In this Project, we will investigate molecular mechanisms by which PPARs counter-regulate innate immune responses and influence the ability of macrophages to contribute to atherosclerotic vascular disease. There is now extensive evidence that PPARa, PPARy and PPARd ligands inhibit inflammatory processes in macrophages and other cells within the artery wall that are linked to the progression of atherosclerosis and its clinical complications, but the mechanisms that are responsible for these effects remain poorly understood. We recently identified an NCoR/SUMOylation-dependent pathway by which PPARy ligands inhibit specific subsets of toll-like receptor (TLR) 4-responsive genes. This mechanism involves ligand-dependent sumoylation of PPARy, which targets it to NCoR corepressor complexes on the promoters of inflammatory response genes. This in turn prevents the signal-dependent removal of NCoR complexes that is normally a prerequisite for transcriptional activation.
Three Specific Aims are proposed to explore the significance of these findings with respect to the control of inflammatory programs of gene expression that underlie innate immune responses and the development of atherosclerosis.:
Specific Aim 1 will utilize a combination of molecular, cellular and genomics approaches to test the hypothesis that NCoR, and the highly related corepressor SMRT, are differentially required to maintain inflammatory response genes silent under quiescent conditions. In collaboration with Project 3, we will test the hypothesis that NCoR and SMRT are actively removed from these promoters upon stimulation of macrophages and B1 cells by modified LDL and specific TLR2 and TLR4 agonists. We will test the hypothesis that the NCoR/SMRT repression checkpoint is inappropriately relieved in macrophage foam cells in vivo, resulting in a partially activated phenotype.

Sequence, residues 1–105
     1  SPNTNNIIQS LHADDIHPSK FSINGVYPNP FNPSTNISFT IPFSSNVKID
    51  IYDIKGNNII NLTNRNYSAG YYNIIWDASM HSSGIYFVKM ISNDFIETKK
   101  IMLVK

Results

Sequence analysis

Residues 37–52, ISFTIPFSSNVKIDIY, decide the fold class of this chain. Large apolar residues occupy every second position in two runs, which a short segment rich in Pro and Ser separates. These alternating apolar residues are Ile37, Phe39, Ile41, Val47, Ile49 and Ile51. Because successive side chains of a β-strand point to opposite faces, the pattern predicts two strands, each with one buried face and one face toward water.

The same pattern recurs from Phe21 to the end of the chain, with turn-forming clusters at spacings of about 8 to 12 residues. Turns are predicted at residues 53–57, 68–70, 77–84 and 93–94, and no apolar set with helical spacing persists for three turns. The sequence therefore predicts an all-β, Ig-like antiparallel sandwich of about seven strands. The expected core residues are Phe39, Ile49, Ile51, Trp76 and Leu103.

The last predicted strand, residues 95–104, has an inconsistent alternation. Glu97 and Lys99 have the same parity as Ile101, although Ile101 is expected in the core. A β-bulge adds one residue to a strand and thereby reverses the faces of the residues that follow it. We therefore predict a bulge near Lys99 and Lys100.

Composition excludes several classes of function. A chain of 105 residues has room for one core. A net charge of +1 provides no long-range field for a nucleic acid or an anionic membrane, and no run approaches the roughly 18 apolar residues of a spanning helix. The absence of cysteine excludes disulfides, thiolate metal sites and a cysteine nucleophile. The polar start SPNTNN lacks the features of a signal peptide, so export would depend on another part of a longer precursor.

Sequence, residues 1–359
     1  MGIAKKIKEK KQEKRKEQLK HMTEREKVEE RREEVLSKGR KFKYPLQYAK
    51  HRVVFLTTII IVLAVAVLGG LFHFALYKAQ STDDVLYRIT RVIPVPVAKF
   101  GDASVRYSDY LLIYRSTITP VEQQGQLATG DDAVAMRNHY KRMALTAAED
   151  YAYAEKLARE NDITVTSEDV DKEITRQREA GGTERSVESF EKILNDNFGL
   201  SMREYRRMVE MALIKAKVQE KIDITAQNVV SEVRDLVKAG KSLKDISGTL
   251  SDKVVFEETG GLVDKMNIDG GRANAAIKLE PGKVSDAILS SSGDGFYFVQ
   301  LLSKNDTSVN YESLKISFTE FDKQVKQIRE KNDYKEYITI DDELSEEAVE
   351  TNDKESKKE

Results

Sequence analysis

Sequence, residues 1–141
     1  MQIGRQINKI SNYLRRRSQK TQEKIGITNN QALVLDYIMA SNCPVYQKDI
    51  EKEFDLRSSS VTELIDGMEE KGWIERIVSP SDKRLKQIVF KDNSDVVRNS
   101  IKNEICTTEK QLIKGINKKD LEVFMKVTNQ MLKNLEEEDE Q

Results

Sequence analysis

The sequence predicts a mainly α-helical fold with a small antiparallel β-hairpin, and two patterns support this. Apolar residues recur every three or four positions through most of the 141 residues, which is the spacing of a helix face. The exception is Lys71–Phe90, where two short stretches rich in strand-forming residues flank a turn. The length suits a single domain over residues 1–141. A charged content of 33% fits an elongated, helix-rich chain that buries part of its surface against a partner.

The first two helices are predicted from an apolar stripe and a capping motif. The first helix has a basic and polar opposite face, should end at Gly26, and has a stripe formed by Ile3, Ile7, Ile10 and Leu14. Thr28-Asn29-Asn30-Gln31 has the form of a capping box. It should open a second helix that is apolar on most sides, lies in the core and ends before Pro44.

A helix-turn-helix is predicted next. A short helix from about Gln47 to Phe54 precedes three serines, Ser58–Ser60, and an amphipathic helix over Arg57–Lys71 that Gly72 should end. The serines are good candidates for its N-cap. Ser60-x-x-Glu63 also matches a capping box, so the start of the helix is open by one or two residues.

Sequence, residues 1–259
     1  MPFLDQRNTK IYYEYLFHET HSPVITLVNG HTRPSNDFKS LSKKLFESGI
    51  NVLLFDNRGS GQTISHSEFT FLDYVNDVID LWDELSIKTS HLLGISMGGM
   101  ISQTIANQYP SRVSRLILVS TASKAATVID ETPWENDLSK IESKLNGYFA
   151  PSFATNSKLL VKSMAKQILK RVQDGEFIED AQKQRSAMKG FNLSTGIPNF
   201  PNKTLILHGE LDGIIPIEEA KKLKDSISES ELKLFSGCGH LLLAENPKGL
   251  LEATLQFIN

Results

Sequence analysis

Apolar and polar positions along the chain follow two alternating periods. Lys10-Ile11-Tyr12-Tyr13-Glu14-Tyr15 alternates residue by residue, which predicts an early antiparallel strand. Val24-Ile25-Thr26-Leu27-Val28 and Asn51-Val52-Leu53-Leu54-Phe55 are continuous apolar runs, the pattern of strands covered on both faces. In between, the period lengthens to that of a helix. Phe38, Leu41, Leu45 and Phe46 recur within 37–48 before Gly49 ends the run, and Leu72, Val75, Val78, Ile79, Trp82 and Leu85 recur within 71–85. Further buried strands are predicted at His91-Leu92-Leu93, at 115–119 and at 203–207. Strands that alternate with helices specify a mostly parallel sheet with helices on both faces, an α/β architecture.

Specific Aim 2 will test the hypothesis that the NCoR/SMRT/SUMOylation dependent pathway is a quantitatively important mechanism mediating anti-inflammatory actions of PPARy and PPARd agonists in macrophages. In collaboration with Project 2, we will define the genome-wide profiles of PPARy and PPARS repression of genes activated by the TLR2 agonist Pam3 in NCoR[-/-] and SMRT[-/-] macrophages. We will determine the ability of PPARy and PPARd-specific agonists to exert anti-inflammatory effects in macrophages lacking the SUMO E3 ligase PIAS1.
Specific Aim 3 will test the hypothesis that the NCoR/SMRT/SUMOylation-dependent pathway plays a quantitatively important role in mediating antiatherogenic effects of PPARy agonists in vivo. In collaboration with Project 4, we will use a combination of selective PPARy modulators and PPARy mutants to define the relative importance of ligand-dependent activation and ligand-dependent repression in inhibiting the development of atherosclerosis in LDL receptordeficient (LDLR[-/-]) mice. The results of these studies are likely to contribute to an improved understanding of the inflammatory component of atherosclerosis and the anti-atherogenic actions of PPARy agonists.
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